When David Miliband gave the keynote speech to the Fabian Conference “The Global Change we Need” in London on 7 November 2009 he mentioned two things in the Q&A session. Firstly he said that the nation state remained the repository of democratic legitimacy. Secondly, he said that the EU institutions need to become more transparent in order for more people to connect with it better and easier.
While Miliband did not connect those two statements I asked myself whether their combination might not form the core of an interesting argument.
After all, the Council of the European Union, which is the place where government minister from all EU member states come together to (co-)determine EU policy, is the least transparent of the EU institutions. Their negotiations determine at least as much, if not more, of European policy and regulation than the work of the European Parliament or the Commission, which is where most of the public expect the power to lie.
Member state governments like to underplay their work in the forum of the Council of the EU in their national discourse at home. If something the public and media will see as positive arises from the Council’s work, most governments will sell this as their individual success at home. If something the public and media at home will be critical about comes out of the Council’s negotiation, most governments downplay their involvement in negotiations and blame an anonymous EU.
It is unrealistic to think any country can effectively retreat from global or trans-national governance structures, especially in the light of the increasing global nature of many of the challenges we face such as environmental, financial, economic and social issues.
Global or macro regional governance structures derive their democratic legitimacy via directly elected national parliaments and governments. These are again influenced by the media and civil society, which come together in a nation’s overall public discourse. Why it should not be possible to make better use of a pan-European public discourse, and engage the public more on a European level is beyond me. Especially now as the EU’s democratic legitimacy has been improved through the strengthening of the role of the directly elected European Parliament in the Treaty of Lisbon. However, there would be some mileage in improving the quality of the 27 national conversations about the EU by opening up Council deliberations and votes and with it member state governments as actors within to better scrutiny by their domestic media, civil society and electorates.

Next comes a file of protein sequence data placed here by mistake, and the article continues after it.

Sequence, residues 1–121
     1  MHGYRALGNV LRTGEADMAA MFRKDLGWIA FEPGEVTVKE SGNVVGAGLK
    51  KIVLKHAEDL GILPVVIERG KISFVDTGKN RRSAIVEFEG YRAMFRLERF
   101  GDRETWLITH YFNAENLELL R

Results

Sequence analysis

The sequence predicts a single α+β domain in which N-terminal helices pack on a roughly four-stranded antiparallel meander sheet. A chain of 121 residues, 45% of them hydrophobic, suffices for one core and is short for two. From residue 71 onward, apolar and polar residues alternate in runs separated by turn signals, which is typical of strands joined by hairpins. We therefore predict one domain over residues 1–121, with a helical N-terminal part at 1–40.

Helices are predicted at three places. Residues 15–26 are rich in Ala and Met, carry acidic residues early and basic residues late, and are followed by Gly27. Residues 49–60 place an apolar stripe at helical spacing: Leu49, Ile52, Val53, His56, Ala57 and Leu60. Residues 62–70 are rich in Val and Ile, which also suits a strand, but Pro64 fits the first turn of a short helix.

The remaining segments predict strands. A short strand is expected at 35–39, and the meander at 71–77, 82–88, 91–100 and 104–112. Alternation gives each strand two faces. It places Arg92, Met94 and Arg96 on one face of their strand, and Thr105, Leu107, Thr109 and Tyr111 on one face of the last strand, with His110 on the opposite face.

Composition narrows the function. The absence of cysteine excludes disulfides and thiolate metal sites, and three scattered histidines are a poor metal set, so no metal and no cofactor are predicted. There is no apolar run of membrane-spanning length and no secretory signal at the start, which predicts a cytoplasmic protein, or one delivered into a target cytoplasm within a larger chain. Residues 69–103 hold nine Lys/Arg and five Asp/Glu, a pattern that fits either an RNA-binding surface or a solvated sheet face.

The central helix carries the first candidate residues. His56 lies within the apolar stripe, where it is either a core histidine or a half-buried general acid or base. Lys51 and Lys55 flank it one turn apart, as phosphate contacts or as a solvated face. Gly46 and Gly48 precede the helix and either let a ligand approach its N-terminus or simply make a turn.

We will have to seriously think about how we can increase the democratic legitimacy of global policy making. To start with, we should look at how our own national governments’ work in the Council of the EU can become more transparent, so governments have to take more responsibility for their very direct input into the shaping of European policy and regulation. The EU is not as anonymous a body as the media, some politicians and europhobes want to make us think. The EU is shaped by member-state governments from within, which have to become transparent about their input, just as much as they have to take more responsibility for explaining compromise decisions within the Council to their national ‘home constituencies’, something they have been shying away from so far.
Maybe a citizens initiative for greater transparency of the Council would not be such a bad idea.